My camera history began in the summer of 1984 (at the age of 13) using my father's Minolta SRT-102 which he used for shooting mind-bogglingly exciting things like eggplants and tomatoes in his garden. A year later I learned how to develop film and wet-print in a darkroom in my 8th grade photography class. I decided I needed my very own camera at that time, and as I wasn't very smart then, I decided a tag-sale bargain Polaroid OneStep would be the way to go. Seeing my mistake, my father continued to let me use his Minolta whenever I wanted. What a swell guy. You'd think this would be the start of a young photographer's pursuit, but I was quickly distracted by the Flash Gordon Pinball machine at the penny arcade, so there are quite a few shaky years below.
Here's my somewhat embarrassing history of my camera bodies (excluding my screw around cameras like the Rollei 35's, Konica Auto S3, Zeiss Folders, Polaroid Land Cameras and so forth). Also, put the digital bodies in italics, just for fun - cameras in bold are the only ones I still own (updated September 2018):
1984 - Minolta SRT-102 (my father's pride and joy of the day)
1985 - Polaroid OneStep
1987 - Minolta Weathermatic A (110 format - sexy yellow)
1989 - Kodak Disc 3600 (don't judge me - got it for travel to Spain)
1991 - Minolta Freedom 50
1997 - Olympus CAMEDIA C-1400L
2001 - Sony PowerShot A10
2003 - Sony PowerShot A80
2006 - Nikon N60 (decided to look at photography a little more seriously)
2008 - Nikon D80
2010 - Nikon D700
2011 - Rolleiflex 3.5
2013 - Leica ME, Hasselblad 500c
2014 - Zeiss Ikon, Leica M2, Leica M3, Leica M-A, Zero Image Pinhole, Nikon FM, Nikon S3
2015 - Plaubel-Makina 670, Nikon FM3, Rolleiflex 2.8E, Graflex Century Graphic 2x3
2016 - Yashica Electro 35 GX, Chamonix 45n-2 (4x5), Pentax 67, Sony RX1R II
2017 - Nikonos V, Nikon F4s, Sony A7RII
2018 - Voigtlander Bessa R3M, Yashica 124G
As you can see above, I played with a fair mix of digital and film bodies; mostly shitty... and a couple somewhat decent. My photography didn't really get serious until 2006 when I returned to film with a Nikon N60. It was a great little 35mm SLR and so much more fun than the junk PowerShots of the time. That sparked my first bout of G.A.S. and longings to have "better" digital gear. There were a good three years where I was convinced I'd never return to film. It took that long for me to realize that digital does not equal better; it equals different. (And I constantly try to remind myself and others, it's not the gear, it's the process and your preferred results that matters).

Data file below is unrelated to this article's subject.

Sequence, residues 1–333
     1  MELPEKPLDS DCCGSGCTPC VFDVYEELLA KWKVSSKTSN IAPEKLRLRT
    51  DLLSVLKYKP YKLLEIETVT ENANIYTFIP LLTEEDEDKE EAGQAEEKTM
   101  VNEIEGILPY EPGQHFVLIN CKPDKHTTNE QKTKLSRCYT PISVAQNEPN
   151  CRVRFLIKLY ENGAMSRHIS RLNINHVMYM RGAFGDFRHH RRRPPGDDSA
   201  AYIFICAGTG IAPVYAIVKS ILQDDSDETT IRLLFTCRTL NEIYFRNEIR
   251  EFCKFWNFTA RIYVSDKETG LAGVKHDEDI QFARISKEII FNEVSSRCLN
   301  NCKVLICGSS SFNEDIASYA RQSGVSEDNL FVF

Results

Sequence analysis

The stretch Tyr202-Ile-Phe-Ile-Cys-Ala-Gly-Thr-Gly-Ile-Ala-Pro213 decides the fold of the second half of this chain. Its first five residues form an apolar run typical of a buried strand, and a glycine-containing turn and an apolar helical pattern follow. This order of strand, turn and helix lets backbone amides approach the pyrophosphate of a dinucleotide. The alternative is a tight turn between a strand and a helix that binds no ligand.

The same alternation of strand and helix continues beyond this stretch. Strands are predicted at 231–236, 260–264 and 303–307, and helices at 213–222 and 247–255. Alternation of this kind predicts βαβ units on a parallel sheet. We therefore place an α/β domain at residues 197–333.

So now, I begin to work my way backwards in camera technology - to a time (for me) when the gear was simple, clean and gorgeous. I've had all the modern gizmos and never used or even liked them. Never cared for autofocus or ridiculous burst modes like all them whippersnappers these days. No, I long for the joy of a methodical and purely mechanical analog machine. I don't regret any of the digital years, they were a time of growth for me. Actually, a ton of growth. Learning filters (real physical Cokins, not post-production Photoshop ones), strobist work, the dabbling in crazy clown vomit (aka, HDR), compositing, portraits and more.
Now that I only shoot film (OK - turned out to be a lie as of October 2016) and have returned to the darkroom (rather than the Lightroom), I find myself looking for simplicity in all my photographic work. I prefer natural light, not because I am lazy as I know how to do strobes, but because I love how it renders on film. It's part of my process of "keeping it real" with real light, real emotions and real color caught on real film. I learned a lot with my 2 years of strobe / portrait work and much of that knowledge is now applied to my natural light work.
I love the process of sitting with a roll of film in a little café, loading it into the camera, and the very satisfyingly quiet "fwoop" of a shutter (or the massive "FUBANG!" of the Pentax that sends women and children hiding under furniture) as I crank through the exposures and later developing the results in the sink with my own chemicals (or the even bigger joy of seeing the color film developed by Richard Photo Lab). I love that the only "preview" I get of my shot is what I see through the no-frills eyepiece of my viewfinder or on the ground glass of a 4x5. No chimping here possible.
And in my honest opinion, I feel my photographic experience and process has become much better through this de-evolution of gear. But I need to remember, every single piece I have owned (good, bad and shitty) has led me to where I am today. Each experience of a different piece of gear builds a broad understanding of my craft that I can spend my life fine-tuning.